There are a lot of factors that impact how assets get divided during a divorce. The kind of divorce you're seeking, whether or not there is a prenuptial agreement on record and even custody of your children, can have an impact on who gets what. The courts in Illinois strive to fairly divide all marital property between both spouses during a divorce.
Marital property in Illinois includes any assets earned during the marriage. It matters less who earned the income or obtained the asset and far more when the acquisition took place. Amounts in the account before your marriage will likely get exempted from the asset division process, but any deposits or accrued interest during your marriage is subject to division by the courts.
Retirement accounts are typically marital assets
Unless there is a prenuptial agreement between you and your spouse that handles the division or possession of retirement accounts, chances are you both have an interest in them. Even if you were the only one who contributed to the account, the courts will likely consider it a shared asset.
It isn't uncommon for people to feel confused about retirement accounts. After all, if it was in your name and funded solely by deposits from your paycheck and employer matching funds, why should your non-working spouse receive anything?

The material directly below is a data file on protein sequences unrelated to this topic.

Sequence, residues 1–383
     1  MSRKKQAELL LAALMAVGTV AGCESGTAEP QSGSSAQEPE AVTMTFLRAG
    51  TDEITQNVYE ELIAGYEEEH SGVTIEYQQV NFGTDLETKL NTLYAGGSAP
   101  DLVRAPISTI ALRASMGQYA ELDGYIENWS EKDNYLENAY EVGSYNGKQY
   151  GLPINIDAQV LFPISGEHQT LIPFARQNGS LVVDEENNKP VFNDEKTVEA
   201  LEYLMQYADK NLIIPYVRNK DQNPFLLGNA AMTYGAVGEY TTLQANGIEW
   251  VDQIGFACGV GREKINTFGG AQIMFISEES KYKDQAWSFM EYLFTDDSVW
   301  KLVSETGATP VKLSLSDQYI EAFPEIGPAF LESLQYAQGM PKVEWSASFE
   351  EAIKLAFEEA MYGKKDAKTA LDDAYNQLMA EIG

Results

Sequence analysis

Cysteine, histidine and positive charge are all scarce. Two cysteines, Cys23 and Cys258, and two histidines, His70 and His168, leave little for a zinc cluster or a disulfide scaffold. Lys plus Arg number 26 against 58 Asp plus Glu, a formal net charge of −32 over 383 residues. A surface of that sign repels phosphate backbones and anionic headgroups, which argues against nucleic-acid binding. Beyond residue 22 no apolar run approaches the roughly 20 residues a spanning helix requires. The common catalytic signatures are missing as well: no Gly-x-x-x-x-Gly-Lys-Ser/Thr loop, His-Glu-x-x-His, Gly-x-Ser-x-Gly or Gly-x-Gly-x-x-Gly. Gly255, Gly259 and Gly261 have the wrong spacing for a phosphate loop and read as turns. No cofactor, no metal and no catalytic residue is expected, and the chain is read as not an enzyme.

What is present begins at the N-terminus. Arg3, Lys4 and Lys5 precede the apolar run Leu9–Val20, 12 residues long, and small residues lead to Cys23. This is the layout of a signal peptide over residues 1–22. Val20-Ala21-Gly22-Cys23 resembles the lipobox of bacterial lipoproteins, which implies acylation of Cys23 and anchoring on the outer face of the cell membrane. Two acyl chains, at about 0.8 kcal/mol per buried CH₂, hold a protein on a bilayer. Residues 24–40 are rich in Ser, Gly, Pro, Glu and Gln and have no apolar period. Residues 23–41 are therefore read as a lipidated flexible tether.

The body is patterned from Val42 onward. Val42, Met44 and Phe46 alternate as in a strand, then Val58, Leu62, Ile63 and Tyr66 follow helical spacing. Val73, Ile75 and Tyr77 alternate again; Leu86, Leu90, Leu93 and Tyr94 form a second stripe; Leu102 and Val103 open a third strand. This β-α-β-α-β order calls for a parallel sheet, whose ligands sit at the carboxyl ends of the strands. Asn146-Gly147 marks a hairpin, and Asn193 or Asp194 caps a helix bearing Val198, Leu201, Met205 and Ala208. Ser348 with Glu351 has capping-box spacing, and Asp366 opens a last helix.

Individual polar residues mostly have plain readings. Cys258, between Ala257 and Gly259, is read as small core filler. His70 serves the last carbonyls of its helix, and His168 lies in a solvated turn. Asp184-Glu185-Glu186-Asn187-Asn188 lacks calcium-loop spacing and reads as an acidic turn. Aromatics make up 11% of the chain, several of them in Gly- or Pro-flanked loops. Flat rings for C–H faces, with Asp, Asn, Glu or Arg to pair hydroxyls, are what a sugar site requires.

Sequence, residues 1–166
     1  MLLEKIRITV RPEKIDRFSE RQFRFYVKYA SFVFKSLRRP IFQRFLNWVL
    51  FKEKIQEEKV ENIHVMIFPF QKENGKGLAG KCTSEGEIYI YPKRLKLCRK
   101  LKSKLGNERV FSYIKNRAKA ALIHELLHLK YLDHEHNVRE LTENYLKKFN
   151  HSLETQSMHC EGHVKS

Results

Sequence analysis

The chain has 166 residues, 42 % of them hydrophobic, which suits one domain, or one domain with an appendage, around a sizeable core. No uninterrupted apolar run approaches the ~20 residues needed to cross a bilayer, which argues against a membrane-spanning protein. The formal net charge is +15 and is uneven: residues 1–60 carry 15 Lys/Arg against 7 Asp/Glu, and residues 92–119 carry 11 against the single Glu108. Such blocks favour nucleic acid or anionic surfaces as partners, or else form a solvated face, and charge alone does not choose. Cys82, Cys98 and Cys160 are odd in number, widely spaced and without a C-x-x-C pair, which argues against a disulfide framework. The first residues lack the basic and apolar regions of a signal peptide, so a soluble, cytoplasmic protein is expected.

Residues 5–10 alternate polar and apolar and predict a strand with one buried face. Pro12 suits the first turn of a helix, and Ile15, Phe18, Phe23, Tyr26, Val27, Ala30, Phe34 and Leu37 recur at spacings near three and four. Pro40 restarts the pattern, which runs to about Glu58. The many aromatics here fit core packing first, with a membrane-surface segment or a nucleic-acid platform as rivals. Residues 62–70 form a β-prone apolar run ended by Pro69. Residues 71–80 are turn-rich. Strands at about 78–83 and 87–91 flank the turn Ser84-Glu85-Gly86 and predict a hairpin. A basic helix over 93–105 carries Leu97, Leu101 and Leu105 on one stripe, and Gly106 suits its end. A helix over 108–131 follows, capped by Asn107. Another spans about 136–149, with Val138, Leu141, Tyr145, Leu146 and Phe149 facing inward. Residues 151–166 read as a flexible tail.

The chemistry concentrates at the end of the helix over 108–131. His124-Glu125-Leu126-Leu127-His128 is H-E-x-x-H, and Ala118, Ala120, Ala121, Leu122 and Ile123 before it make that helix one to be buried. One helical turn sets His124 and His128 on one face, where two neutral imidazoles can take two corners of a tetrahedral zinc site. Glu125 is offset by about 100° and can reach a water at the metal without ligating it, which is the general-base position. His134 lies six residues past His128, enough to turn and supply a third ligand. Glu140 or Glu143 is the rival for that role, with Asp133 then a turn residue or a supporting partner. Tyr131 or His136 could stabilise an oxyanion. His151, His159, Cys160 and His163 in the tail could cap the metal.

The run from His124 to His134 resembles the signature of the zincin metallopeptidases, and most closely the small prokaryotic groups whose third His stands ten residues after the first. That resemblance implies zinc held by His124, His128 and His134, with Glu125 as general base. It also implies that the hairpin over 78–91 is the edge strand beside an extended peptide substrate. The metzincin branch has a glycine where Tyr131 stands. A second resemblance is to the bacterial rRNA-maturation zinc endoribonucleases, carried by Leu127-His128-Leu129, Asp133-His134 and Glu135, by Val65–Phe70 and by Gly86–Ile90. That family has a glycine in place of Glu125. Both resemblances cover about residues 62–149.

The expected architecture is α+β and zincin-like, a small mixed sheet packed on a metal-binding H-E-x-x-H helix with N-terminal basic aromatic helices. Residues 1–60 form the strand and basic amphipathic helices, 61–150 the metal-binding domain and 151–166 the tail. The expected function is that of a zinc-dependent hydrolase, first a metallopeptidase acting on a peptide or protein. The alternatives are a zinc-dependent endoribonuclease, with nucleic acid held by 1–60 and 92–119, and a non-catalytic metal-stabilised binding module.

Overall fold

Because you were married, your stay-at-home spouse provided you with benefits and services that allowed you to work full time and earn a decent wage. Cleaning, cooking, home management and even child care can cost thousands of dollars each month if outsourced to professionals. The work done in the home allowed you to make a good wage and build your retirement account. As such, your spouse should share in the benefits and assets derived from his or her contributions to the home.
Splitting the account in divorce can eliminate penalties
If the thought of splitting your retirement account has you panicked about potential tax liabilities and penalties, don't worry. When the courts order the division of your retirement account, you can have the accounts split using a special form, commonly called a Qualified Domestic Relations Order (QDRO).
In order to be qualified, the request to divide the account must get approved by the family courts as well as the plan administrator for your 401K, Roth IRA or other retirement account.
Once approved by the courts and the manager of your retirement plan, the requested amount, typically ordered as a percentage, will get deposited into a new account in the name of the spouse who was not the owner of the original retirement account. While this will prevent you from incurring penalties or fees, you will need to consider how to rebuild the balance of your account to retire as you had initially planned.